Crews Worry About Wind Spreading New Jersey Wildfires; Military Flare Likely Cause

Heavy rains pelted northern New Jersey on Wednesday afternoon, but down south, firefighters battling a massive forest fire spanning nearly 20 square miles were still waiting and hoping for a storm to hit.

"We do not know if we will get precipitation here. Right now, our plan is for no rain. If we get some rain, that just makes it easier for us," said Maris Gabliks, chief of the New Jersey Forest Fire Service.

The blaze, which is believed to have been touched off by a National Guard F-16 that dropped a flare during a training exercise Tuesday afternoon in the tinder-dry Pinelands region, sent walls of flame racing toward senior citizen communities, where elderly residents grabbed their pets and ran.

"It was as close to hell on Earth as you'll ever experience in your life," said Bert Plante, a spokesman for the New Jersey Forest Fire Service. Speaking in a trailer park where two homes were incinerated and others damaged, Plante said, "The wall of fire that came here was twice as tall as the trees, easily 80 to 100 feet in the air."

As of 6 p.m. Wednesday, the fire had burned about 13,500 acres, or almost 20 square miles, Gabliks said.

Only a third of the fire was contained, said Gabliks, who added that firefighters hoped to have the blaze under control by Thursday or Friday.

Meanwhile, about 6,000 people had been evacuated from 2,500 homes. That included 300 patients in three nursing homes who had been relocated without incident, said State Police Superintendent Col. Rick Fuentes.

About 115 people remained in shelters on Wednesday evening, down from about 600 in the morning, Fuentes said.

More than 600 firefighters, some called from as far away as 30 miles, were using helicopters, water tanker trucks, bulldozers and other equipment to try to contain the fire, which was burning in the New Jersey Pinelands west of the Garden State Parkway.

The Parkway, one of the state's main north-south routes, was closed for a time Wednesday in the vicinity of the fire because dense smoke from the fire was making it difficult for motorists to see. It was reopened for the entire length Wednesday afternoon.

Authorities downgraded their count of homes damaged by the flames to 13, down from 50 Tuesday night. A closer inspection revealed that many of the houses that were believed to have suffered damage were not structurally harmed.

Five homes in two senior citizen housing developments in Barnegat were destroyed.

Plante said he expected up to 17,000 acres to be scorched before the fire is extinguished.

Dry conditions and strong winds helped fan the blaze, which began Tuesday afternoon on a military aerial bombing range about 25 miles north of Atlantic City.

Two state forest fire officials suffered minor injuries, but no serious injuries or deaths were reported.

However, some of those evacuated, many of whom are senior citizens, recalled frantic flights from the blaze.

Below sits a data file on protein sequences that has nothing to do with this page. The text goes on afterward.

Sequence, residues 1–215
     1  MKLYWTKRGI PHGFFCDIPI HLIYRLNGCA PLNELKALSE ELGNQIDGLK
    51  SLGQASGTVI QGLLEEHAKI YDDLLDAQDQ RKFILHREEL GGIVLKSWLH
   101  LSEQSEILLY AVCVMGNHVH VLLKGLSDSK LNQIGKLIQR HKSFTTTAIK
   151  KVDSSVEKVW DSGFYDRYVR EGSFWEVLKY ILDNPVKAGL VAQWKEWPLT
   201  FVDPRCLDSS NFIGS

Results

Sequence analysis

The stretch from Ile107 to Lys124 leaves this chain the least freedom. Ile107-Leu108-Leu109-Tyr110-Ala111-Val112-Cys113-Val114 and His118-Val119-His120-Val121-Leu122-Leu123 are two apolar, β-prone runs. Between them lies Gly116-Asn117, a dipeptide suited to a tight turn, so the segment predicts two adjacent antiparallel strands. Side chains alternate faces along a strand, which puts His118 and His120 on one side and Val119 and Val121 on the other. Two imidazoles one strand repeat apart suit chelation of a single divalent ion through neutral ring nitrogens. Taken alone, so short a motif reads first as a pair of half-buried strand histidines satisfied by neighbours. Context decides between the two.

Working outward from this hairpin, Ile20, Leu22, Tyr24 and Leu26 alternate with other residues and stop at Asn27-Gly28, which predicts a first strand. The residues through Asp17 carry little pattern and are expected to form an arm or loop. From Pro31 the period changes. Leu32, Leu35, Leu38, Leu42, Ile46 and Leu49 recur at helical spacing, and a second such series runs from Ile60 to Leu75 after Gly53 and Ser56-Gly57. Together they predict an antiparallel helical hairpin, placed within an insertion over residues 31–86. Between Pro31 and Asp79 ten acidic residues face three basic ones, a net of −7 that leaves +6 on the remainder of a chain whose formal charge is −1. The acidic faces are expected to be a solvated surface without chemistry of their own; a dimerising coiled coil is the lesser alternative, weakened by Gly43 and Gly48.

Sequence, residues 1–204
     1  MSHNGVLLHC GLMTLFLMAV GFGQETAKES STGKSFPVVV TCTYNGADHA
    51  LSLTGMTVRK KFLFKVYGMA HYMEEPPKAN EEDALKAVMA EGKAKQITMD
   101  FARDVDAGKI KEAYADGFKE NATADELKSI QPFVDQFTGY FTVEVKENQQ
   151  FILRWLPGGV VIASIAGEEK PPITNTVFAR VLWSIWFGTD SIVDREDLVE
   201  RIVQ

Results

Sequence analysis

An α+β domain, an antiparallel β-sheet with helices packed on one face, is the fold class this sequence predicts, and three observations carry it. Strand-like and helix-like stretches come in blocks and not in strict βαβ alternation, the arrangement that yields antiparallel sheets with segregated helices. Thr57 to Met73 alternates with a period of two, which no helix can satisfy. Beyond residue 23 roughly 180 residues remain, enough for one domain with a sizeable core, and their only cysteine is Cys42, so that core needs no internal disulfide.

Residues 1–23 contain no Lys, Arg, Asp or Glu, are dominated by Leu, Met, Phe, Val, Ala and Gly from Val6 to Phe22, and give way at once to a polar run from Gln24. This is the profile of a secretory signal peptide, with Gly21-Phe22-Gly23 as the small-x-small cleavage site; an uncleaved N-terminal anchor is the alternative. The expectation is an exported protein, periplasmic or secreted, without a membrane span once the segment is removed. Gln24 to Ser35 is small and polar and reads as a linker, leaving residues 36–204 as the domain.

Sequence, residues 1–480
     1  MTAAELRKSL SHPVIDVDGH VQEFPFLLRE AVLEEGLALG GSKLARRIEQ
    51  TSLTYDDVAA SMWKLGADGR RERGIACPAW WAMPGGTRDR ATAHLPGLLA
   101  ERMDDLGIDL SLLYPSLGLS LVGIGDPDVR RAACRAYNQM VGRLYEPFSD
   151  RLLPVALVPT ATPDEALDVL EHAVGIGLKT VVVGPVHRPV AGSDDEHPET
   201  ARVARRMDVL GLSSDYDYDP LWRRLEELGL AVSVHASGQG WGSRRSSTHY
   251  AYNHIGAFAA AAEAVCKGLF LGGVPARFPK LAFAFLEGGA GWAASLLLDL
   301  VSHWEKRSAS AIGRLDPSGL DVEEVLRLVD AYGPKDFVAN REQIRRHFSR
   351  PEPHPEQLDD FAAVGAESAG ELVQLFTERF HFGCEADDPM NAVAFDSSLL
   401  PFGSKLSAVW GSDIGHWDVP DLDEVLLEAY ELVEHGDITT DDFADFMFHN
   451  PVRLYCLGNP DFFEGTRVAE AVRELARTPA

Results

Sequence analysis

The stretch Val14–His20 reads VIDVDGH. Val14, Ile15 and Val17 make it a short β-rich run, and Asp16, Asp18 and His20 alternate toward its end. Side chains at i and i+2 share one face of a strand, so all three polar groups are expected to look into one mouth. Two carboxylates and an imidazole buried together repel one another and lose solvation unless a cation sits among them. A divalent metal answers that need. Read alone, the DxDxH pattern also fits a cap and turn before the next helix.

"I didn't grab anything but the cat and myself, and we scrammed," said Helen Sura, who evacuated a housing development in Barnegat.

She and her cat, the aptly named Smoky, spent a sleepless night in her car in a Burger King parking lot.

"I was freezing because I didn't think to grab a sweater or a blanket," she said. "I figured we'd be back home in a few hours at most."

Eileen Papini also grabbed her cat, Puddycat, and fled the advancing flames.

"The smoke was so bad you couldn't see your hand in front of your face," she said.

Her trailer park, Pinewood Estates in Barnegat, suffered serious damage, authorities said. Several mobile homes there were damaged by the blaze. Papini was wondering if hers was among them.

"You don't know if you have a home to go back to," she said.

Evacuees described a rapidly advancing fire that mowed down everything in its path.

"It looked like big black clouds, lit up with orange fire, 40, 50 feet in the air, coming right toward you," said Stan Wesolowski of Barnegat. Like many other evacuees, he spent the night in his car rather than in one of several shelters set up in local schools. "It was a wall of flames coming right down the street."

Routes 539 and 72 were closed by the fire, which started about 2:15 p.m. Tuesday on the Warren Grove Gunnery Range, a 9,400-acre expanse of sand and scrub pine used for aerial bombing practice by Air National Guard units.

Lt. Col. James Garcia, a spokesman for the New Jersey Air National Guard, said it was believed a flare dropped from one its F-16s may have started the blaze, though an investigation was ongoing.

The range was the same facility from which a National Guard jet accidentally strafed an elementary school with large-caliber rounds in 2004 during a training exercise.

U.S. Sen. Frank R. Lautenberg complained Wednesday that the military hadn't followed up on safety pledges after the 2004 accident.

"This wildfire shows that the Air National Guard has not followed through on its pledge of increased safety," said Lautenberg, who said he would request a meeting with the Air Force and Air National Guard to address safety issues.

In 2001, an errant Air National Guard practice bomb caused a fire that burned more than 1,600 acres in the Pine Barrens.